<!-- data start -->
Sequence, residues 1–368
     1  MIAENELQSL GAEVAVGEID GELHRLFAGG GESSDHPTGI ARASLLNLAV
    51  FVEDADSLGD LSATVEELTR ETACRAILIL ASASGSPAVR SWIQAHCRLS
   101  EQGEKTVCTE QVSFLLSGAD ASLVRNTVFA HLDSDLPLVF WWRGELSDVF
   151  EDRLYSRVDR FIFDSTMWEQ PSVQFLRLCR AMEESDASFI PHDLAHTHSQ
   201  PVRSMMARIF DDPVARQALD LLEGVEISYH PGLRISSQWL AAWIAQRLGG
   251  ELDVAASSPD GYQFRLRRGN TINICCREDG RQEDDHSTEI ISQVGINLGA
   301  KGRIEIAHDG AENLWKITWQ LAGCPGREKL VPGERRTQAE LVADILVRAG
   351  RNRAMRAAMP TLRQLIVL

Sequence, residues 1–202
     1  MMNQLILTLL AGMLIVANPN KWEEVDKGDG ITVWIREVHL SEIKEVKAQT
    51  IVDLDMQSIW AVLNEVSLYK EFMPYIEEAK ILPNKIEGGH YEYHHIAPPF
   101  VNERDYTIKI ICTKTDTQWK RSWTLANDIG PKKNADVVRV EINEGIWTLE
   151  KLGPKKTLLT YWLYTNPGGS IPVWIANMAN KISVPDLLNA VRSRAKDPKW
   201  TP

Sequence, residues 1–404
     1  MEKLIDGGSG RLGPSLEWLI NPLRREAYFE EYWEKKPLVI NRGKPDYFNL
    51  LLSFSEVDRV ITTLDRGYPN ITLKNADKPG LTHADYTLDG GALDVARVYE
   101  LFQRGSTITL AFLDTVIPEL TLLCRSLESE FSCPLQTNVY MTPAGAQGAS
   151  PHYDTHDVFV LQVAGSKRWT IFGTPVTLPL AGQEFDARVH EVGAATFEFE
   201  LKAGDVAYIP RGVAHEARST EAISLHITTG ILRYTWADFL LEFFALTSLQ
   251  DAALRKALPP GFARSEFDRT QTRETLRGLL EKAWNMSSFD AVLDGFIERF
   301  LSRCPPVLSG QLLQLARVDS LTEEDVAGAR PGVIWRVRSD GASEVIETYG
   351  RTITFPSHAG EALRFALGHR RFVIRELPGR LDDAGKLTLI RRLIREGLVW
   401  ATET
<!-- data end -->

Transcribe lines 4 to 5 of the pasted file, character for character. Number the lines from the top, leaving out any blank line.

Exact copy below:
   101  EQGEKTVCTE QVSFLLSGAD ASLVRNTVFA HLDSDLPLVF WWRGELSDVF
   151  EDRLYSRVDR FIFDSTMWEQ PSVQFLRLCR AMEESDASFI PHDLAHTHSQ